Americans Accused of Switching Sides

The Americans have admitted communication and cooperation with the Russians but insist that these daily communications are only to prevent inadvertent clashes (especially from the air) between the two forces advancing on Raqqa city. Meanwhile Turkey accuses Russia, Iran and the United States of forming a secret alliance to defeat the Syrian rebellion and do a lot of other evil stuff. Many Arabs believe the same thing and believe it is all part of a Western effort to destroy Islam.

The cooperation required to take Raqqa does not mean that Russia, Iran and NATO are allies in the fight against ISIL. But a growing number of people in the Middle East think so. Even NATO allies accuse the Americans of becoming decidedly pro-Iranian since 2008. This is particularly disturbing to the Persian Gulf Arabs, who have long depended on the United States for protection from growing Iranian aggression. Even many American diplomats complain of a shift towards the Iranian and Russian view of the Syrian situation. Since 2015 Russia has been pushing the idea that the only realistic way to end the Syrian civil war and destroy ISIL is to include the Assads in the effort. Russia and Iran also point out that the Gulf Arabs, especially Saudi Arabia, is where al Qaeda and ISIL came from. The Saudis have always promoted the brand of militant Islam al Qaeda and ISIL build on. The fact that al Qaeda and ISIL now want the Saudi monarchy destroyed is not relevant because eventually most Sunni Islamic terrorist groups eventually conclude that all Moslem governments are unworthy and must be destroyed. The Iranians don’t deny they support Islamic terrorism (Hezbollah being a prime example) but that they don’t create Islamic terrorists that mutate into uncontrollable monsters that attack everyone.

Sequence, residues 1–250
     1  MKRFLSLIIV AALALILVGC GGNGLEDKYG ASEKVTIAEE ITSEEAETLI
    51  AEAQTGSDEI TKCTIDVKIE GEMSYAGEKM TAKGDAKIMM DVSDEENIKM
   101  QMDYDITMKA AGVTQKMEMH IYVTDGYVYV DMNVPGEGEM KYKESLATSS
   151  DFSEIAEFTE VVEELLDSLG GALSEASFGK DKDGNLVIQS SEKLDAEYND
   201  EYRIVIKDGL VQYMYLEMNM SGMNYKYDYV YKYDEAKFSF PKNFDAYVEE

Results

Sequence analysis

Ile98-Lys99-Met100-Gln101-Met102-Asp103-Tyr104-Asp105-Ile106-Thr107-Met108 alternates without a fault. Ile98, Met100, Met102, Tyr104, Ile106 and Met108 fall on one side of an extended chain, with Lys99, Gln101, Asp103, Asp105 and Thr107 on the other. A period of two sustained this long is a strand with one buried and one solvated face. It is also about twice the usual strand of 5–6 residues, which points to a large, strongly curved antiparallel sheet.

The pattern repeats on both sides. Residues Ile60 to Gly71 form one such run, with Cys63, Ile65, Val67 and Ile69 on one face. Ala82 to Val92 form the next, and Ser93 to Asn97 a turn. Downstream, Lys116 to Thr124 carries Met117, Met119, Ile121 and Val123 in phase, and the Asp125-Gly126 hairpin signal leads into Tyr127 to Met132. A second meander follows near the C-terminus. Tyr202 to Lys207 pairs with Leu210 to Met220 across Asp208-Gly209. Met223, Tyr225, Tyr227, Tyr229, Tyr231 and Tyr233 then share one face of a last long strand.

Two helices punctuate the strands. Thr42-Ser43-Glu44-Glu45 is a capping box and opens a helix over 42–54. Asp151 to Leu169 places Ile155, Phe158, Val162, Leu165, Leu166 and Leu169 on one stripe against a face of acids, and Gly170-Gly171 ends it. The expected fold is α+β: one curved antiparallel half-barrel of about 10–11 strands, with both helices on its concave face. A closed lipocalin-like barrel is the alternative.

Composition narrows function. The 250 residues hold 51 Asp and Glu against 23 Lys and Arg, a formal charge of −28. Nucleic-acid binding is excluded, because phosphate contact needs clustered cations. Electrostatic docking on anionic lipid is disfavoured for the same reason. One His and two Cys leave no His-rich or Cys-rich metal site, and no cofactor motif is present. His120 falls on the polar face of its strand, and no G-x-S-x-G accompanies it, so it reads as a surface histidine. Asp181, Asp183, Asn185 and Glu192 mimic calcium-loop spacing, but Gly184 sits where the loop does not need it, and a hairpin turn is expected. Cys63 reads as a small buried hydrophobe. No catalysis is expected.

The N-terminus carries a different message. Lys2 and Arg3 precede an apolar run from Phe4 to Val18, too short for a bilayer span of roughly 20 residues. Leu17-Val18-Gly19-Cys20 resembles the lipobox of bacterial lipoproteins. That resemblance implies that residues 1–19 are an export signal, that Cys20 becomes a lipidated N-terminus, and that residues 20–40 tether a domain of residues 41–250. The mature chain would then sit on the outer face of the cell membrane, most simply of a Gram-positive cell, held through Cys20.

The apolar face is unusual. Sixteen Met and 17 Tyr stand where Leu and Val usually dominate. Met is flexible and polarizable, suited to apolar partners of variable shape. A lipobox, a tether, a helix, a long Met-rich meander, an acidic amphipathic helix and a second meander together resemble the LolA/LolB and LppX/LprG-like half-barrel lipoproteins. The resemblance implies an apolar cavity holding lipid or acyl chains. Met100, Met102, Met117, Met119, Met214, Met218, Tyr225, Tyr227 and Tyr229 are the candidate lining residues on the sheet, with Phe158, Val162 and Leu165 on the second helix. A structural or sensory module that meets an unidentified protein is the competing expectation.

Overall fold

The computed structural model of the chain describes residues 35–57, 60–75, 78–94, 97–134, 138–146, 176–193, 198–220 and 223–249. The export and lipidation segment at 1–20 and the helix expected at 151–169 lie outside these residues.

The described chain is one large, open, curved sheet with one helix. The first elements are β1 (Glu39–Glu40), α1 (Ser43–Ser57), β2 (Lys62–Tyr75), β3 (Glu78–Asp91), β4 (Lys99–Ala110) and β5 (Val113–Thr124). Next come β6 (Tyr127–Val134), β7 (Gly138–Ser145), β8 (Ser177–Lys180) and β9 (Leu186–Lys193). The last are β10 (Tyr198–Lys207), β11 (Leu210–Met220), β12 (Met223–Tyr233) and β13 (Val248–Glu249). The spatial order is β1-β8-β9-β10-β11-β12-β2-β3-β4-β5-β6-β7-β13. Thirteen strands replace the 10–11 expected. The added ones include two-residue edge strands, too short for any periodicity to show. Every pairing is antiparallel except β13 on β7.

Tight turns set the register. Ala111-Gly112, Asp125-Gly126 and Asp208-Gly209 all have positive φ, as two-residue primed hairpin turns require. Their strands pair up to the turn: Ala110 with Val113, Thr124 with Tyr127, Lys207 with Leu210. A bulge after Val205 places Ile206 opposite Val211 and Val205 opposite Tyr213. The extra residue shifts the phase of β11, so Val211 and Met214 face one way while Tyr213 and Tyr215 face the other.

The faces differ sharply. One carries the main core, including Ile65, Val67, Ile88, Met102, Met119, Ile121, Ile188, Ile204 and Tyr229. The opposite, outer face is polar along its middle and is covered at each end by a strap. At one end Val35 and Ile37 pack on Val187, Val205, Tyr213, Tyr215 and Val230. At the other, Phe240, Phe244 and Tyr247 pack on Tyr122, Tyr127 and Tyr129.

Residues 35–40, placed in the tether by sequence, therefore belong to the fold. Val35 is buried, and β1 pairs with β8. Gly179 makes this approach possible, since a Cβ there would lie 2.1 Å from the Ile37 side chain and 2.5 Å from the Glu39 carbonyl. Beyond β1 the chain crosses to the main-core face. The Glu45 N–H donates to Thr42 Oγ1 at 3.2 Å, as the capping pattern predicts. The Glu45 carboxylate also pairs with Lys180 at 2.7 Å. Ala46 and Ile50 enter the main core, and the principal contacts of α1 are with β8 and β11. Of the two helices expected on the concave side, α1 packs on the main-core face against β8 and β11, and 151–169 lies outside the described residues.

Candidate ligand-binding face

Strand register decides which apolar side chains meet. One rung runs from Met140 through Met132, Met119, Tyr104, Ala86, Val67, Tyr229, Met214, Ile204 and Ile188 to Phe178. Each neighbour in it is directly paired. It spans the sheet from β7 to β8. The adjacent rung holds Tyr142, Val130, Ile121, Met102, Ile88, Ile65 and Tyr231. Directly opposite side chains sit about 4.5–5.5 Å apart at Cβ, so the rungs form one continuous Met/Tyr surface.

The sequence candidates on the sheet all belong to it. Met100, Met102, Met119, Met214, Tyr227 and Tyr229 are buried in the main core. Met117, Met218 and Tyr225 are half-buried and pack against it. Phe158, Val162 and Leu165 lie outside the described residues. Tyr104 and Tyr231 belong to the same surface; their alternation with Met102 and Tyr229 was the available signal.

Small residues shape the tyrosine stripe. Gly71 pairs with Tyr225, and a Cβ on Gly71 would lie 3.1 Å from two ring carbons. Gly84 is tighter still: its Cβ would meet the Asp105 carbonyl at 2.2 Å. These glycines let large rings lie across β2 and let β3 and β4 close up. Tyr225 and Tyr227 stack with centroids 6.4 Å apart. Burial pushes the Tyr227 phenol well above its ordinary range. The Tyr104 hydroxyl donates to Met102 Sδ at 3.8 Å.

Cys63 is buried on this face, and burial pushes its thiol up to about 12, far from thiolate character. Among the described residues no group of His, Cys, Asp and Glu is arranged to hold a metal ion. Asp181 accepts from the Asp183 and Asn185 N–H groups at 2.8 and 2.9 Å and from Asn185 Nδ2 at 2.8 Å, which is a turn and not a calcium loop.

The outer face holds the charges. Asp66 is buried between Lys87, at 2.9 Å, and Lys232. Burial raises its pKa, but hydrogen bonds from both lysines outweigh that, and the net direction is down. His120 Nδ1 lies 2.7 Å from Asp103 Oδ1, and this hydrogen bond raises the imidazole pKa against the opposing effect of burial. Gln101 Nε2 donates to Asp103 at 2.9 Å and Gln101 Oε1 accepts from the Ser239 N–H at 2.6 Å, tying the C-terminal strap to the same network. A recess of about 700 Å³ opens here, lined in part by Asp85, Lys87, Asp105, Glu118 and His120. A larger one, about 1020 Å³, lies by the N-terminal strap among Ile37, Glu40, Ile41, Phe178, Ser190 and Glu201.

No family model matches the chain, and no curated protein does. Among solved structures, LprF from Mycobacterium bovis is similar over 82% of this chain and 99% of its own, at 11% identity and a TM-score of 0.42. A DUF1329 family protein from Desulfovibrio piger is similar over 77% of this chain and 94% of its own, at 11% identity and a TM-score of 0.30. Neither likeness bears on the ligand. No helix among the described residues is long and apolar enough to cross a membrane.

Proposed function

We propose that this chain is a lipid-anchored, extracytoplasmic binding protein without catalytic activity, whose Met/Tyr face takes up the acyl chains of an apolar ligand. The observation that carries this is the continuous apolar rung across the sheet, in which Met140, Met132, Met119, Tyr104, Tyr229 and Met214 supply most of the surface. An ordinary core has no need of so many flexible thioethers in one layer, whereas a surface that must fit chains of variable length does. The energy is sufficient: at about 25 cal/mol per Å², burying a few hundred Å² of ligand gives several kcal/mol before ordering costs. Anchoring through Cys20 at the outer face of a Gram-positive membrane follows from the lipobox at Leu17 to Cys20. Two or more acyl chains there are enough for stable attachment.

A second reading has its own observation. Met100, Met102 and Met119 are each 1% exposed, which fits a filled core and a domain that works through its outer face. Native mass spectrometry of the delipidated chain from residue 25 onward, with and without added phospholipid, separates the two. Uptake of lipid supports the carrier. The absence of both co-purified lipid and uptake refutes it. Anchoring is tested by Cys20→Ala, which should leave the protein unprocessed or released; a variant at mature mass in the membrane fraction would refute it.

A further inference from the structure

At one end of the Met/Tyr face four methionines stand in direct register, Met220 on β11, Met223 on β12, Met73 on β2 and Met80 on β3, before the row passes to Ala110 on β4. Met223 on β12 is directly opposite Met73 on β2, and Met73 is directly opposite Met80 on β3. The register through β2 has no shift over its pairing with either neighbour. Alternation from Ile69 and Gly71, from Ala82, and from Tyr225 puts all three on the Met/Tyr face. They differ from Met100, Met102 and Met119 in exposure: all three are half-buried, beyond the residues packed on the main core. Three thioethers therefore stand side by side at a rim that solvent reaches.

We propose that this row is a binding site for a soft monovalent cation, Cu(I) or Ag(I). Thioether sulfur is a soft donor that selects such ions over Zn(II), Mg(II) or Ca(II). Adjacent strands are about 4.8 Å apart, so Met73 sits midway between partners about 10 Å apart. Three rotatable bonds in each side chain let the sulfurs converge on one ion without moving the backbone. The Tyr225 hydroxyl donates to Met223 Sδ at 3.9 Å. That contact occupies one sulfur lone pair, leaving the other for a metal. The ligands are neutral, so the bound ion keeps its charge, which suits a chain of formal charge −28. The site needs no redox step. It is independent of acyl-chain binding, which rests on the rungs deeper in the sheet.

This interpretation of the situation is anathema to the Saudis who consider it just another example of evil Iranian cleverness. But in Syria many of the rebels are willing to work with the hated Shia (including the Assads) in order to destroy a common enemy. After that the civil war can continue as before. Russia points out that ISIL is simply a more extreme version of al Qaeda and once ISIL is gone al Qaeda (in the form of the largely Syrian al Nusra) will still be a powerful force in Syria. The Russians propose partitioning Syria, including an Assad controlled portion in western Syria. Russia insists this is the most realistic way to end the slaughter. Of course most of the attacks on civilians in Syria have been carried out by the Assad forces. As far back as 2012 it was noted that the attacks on civilians by government artillery, air power and death squads were increasing. The death squads were going into neighborhoods and killing or arresting military age men and killing families found to be harboring rebels or weapons. Despite that most other countries are reluctant to openly intervene in Syria without UN approval and this was long blocked by Russia and China. Some NATO countries talked about just going in, but without Turkish support (and military bases), this would be extremely difficult to do. The Turks are still reluctant to send in ground troops and only recently agreed to fully participate in providing air support against ISIL. Since 2011 nearly two-thirds of the dead have been civilians largely because of a deliberate government policy of attacking pro-rebel civilians to force them out of the country (or at least the combat zone). This has worked because now over half of all Syrians have been forced to flee their homes to escape the fighting, especially the government air and artillery attacks on civilians. Thus the Assads have been responsible for nearly 80 percent of the civilian deaths. Most of the rebel civilians are Sunni Arabs, who comprise over 70 percent of the population. The Assads would like to all Sunni Arabs who oppose them to leave the country or be killed. Russia and Iran are fine with this as both nations have used similar strategies in the past. As the ancient Romans used to put it; “create a desert and call it peace.” But this is the 21st century and most of the world no longer accepts those solutions. But none of those who oppose the Assad approach are willing to send in ground forces.